Compounding describes the combination, mixing or alteration of drug ingredients by a pharmacist, physician or certain outsourcing facilities to create a medicine that meets the specific needs of an individual patient. The practice has a long history of quality control failings. Officials at the US Food and Drug Administration (FDA) released guidance on the practice in 2002 to counter the growing number of reports of accidents. A decade later, compounded drugs made at New England Compounding Center and other facilities were linked to tens of deaths.
To ensure compounding pharmacies in Australia have access to the resources to avoid such serious GMP failings, TGA has released a document that translates the PIC/S Guide to GMP for Medicinal Products to their operations.
The TGA document picks out clauses in the PIC/S document and explains how they apply to makers of compounded medicines. For example, as there is no marketing authorization for compounded medicines, the TGA document explains how product formulation must follow the order supplied. If the order is unclear, the compounding manufacturer must clarify it with the customer. The onus is on the manufacturer to keep a list of “approved formulas” for each type of product and ensure their formulations are not the same as those available commercially.
TGA has written similar clarifications for each clause of the PIC/S text that needs interpreting to make it relevant to the operation of compounding pharmacies. The result is a guide that walks makers of compounded medicines through how they should approach personnel, equipment, documentation, quality control and other aspects of their operation if they are to comply with GMP requirements.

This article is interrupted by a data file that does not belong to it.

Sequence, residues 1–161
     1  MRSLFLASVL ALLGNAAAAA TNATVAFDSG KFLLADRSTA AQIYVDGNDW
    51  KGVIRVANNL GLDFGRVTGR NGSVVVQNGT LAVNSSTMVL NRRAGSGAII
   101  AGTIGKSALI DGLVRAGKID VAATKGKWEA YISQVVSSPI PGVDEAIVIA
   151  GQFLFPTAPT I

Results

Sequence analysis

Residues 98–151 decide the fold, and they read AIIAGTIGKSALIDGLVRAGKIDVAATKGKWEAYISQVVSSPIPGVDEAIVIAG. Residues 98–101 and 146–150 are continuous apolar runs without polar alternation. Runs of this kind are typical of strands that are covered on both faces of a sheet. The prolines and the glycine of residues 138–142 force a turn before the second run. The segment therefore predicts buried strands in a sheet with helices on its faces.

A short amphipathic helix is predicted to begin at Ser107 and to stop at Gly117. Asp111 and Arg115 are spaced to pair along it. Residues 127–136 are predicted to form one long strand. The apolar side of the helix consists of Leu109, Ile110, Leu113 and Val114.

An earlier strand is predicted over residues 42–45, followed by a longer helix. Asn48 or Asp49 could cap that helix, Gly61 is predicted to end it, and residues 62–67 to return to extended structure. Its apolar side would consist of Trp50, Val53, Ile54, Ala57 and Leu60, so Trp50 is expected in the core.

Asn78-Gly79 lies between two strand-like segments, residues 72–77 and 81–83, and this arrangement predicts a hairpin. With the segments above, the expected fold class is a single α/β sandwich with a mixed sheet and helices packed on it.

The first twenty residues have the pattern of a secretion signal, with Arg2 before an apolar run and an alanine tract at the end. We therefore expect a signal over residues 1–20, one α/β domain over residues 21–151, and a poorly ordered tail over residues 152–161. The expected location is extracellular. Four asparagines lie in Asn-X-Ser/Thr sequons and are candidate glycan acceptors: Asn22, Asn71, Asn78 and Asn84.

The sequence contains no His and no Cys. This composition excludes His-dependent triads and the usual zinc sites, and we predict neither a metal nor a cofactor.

The TGA guide provides the most detail on how manufacturers should interpret the production, sterile medicine and quality control chapters of the PIC/S guide. These chapters cover starting material traceability, the design of aseptic processes, microbiology and other aspects of the production process that, if mishandled, could affect patient safety.
CFDA Proposes Exempting More Classes of Medical Devices from Clinical Trials
China Food and Drug Administration (CFDA) has proposed exempting more medical devices from clinical trials. The proposal covers 28 types of Class II and III medical devices that, if the draft plan comes into force, will join hundreds of other products already exempt from clinical trials.
CFDA is proposing to exempt 22 types of Class II medical devices. The list of Class II medical devices covered by the draft includes endoscopic spinal surgical instruments, insulin pens and ultrasound bone densitometers. CFDA has provided a description of each type of device. The regulator has provided similar details for the six Class III medical devices it wants to exempt from clinical trials.
Publication of the proposal comes one year after CFDA last shared a draft list of medical devices to be exempted. That proposal, which came into force in September after minor changes, affected the status of 276 Class II and 92 Class III medical devices. CFDA first proposed exempting certain medical devices from clinical trials in 2014. That original list covered 488 categories of Class II devices and 79 types of Class III products.
The latest list of devices eligible for exemption is open for comment until June 20.
CFDA Notice (Chinese)
has updated its code of practice for tamper-evident packaging. The update does not place additional requirements on manufacturers. Rather, the changes are intended to bring the text in line with contemporary practices. TGA published the first and, until this week, only version of the document in 2003 in response to extortion attempts against drugmakers. TGA Document